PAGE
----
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Why does branding matter in financial services?

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Why does branding matter in financial services?

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David O’Hearns

By David O’Hearns, founder and MD at Dawn

What comes to mind when you think of financial services? A catchy jingle or a familiar visual identity? Any kind of distinguishing features at all? Probably not. Financial services companies are not very good at being memorable. They struggle to stand out in a crowded market and to engage or be engaging. This is a shame because today’s financial services sector is vibrant, interesting, and full of opportunity. The problem is a lack of cohesive branding.

Without a strong recognisable brand, a financial services company can’t be remarkable. It blends in, just another institution in a long row of institutions that sell uninspiring products and services. People’s assumptions and stereotypes are realised. However, branding can change customer perceptions and employee engagement, transforming a business and helping it to reach its full potential. 

How do you get branding right for financial services companies?

For branding to be truly effective, it has to be holistic, and driven right into the foundations of a business. The problem for financial services brands is that it means wholesale change, which doesn’t come naturally to the sector.  The financial services industry is built upon reliability, steadfastness, and a commitment to traditional standards. So, initiating sweeping changes is both counterintuitive and a hard sell to the board. But if you want to create a brand that chimes with the public and helps you stand out, it requires a multi-level approach.

Language choice

Financial services are nothing if not wordy; regulatory requirements demand them to be. But when you’re dealing with the public, you need language and a tone – short, every day, easy to understand, words –  that allow everyone to understand what you are trying to convey. Your tone of voice should reflect how you want to be perceived. It will depend on your brand positioning and your brand personality – and you need to know all of this before knowing the exact kind of words to use in your brand communications. But no matter what kind of brand you are, you should always keep things as simple as you possibly can. 

Focus on your values

Values matter in business, perhaps more than ever. With social media providing new avenues for bad news and inconsistencies to reach the public eye, businesses must stick to and demonstrate the values that they lay claim to. And in finance, where there has been no end of tarnished brands in public memory, it matters even more. So, make sure that your values are reflected in everything that you do – your operations, your recruitment policies, HR, customer service, and everything related to your business.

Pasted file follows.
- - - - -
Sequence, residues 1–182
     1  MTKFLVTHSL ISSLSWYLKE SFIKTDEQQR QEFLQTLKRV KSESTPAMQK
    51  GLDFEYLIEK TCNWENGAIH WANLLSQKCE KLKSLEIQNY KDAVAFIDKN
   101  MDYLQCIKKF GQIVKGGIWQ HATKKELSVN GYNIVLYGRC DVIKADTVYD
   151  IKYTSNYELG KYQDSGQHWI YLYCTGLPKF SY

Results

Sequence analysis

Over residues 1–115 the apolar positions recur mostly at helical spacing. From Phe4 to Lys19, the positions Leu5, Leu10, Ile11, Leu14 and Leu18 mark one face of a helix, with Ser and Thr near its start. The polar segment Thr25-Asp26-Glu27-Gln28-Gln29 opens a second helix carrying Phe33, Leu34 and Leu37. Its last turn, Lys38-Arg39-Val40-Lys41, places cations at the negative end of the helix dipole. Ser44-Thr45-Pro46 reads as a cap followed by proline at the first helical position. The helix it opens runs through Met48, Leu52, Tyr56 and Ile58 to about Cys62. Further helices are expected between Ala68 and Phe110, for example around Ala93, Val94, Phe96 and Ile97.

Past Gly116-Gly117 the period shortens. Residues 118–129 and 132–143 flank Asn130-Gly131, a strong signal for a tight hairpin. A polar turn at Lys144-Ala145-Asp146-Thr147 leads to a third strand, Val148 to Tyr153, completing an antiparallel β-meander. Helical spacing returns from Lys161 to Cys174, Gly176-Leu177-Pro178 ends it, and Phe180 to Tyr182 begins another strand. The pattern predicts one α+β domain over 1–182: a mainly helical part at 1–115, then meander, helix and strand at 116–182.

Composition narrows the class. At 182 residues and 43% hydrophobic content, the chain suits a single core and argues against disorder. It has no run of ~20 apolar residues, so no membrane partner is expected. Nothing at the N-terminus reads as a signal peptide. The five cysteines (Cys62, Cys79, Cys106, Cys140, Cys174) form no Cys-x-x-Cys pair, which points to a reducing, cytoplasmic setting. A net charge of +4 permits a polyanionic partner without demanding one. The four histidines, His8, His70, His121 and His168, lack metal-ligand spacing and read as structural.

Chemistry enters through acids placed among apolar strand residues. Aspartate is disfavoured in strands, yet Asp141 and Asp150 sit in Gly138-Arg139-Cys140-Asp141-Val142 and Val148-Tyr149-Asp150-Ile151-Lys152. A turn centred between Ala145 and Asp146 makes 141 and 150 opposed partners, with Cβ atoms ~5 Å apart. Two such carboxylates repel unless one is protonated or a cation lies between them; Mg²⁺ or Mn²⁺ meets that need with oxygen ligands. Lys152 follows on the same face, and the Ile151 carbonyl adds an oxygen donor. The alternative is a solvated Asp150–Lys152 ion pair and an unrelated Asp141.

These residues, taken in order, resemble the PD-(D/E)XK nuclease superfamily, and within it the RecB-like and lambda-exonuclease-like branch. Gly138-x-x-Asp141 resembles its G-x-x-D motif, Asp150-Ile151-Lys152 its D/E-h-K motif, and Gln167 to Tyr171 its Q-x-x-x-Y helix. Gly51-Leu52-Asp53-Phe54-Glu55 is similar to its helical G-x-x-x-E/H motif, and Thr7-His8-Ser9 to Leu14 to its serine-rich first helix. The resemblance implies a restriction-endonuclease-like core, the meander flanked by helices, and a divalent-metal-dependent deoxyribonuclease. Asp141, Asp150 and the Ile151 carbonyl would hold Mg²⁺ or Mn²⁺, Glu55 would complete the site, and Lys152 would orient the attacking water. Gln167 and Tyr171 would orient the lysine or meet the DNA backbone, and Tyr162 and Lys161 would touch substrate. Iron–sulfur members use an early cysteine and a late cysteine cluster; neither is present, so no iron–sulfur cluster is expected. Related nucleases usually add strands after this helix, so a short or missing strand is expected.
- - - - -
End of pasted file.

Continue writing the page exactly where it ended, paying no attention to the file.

Think customer

Financial institutions have a bad habit of complacency regarding customers, which remains a hangover from the days of limited choice. But people like being appreciated, and showing your appreciation for your customers can help to make your brand engaging and likeable. You don’t need to make drastic gestures; little ones can be just as effective – banks depositing £100 into junior accounts when they reach maturity on a customer’s 18th birthday,  insurers sending gift cards to thank customers for their loyalty on their 5th anniversary. Gestures like this make your business seem less formal and more human. 


For branding to work, it has to be consistent over time.  Banking brands like Natwest and Barclays have slowly been changing how they are perceived by updating their colour scheme over several years, adapting and developing as time goes by. It’s better to take your time and be consistent across the business with your changes than to go for a big change quickly.

Rebranding in financial services 

Right now, there is a division in the financial services industry – traditional vs modern. While there is still a loyal customer base for the more traditional financial businesses, challenger firms are likely to soon dominate, given the shift in outlook and expectancy in society as a whole. To stay current, financial organisations will need to change. This means getting under the skin of the brand, carrying out brand workshops to understand what your brand stands for, how it is positioned in all relevant areas, and using this to stand out from competitors and create a brand and supporting identity that is like no other. But to avoid the disconcerting, old-school-customer-jarring transformation that underscores the change-aversion of many financial institutions, a gradual process is called for, so that, in time, the existing customers will accept the changes and the business’s brand will become more appealing to a wider customer base. 

About Author:

David O’Hearns, founder and MD at Dawn, a creative agency on a mission to rid the world of bad design and poor communication, with extensive experience helping financial services businesses transform their branding. 

Editor-in-Chief since 2011.

Global Banking & Finance Review


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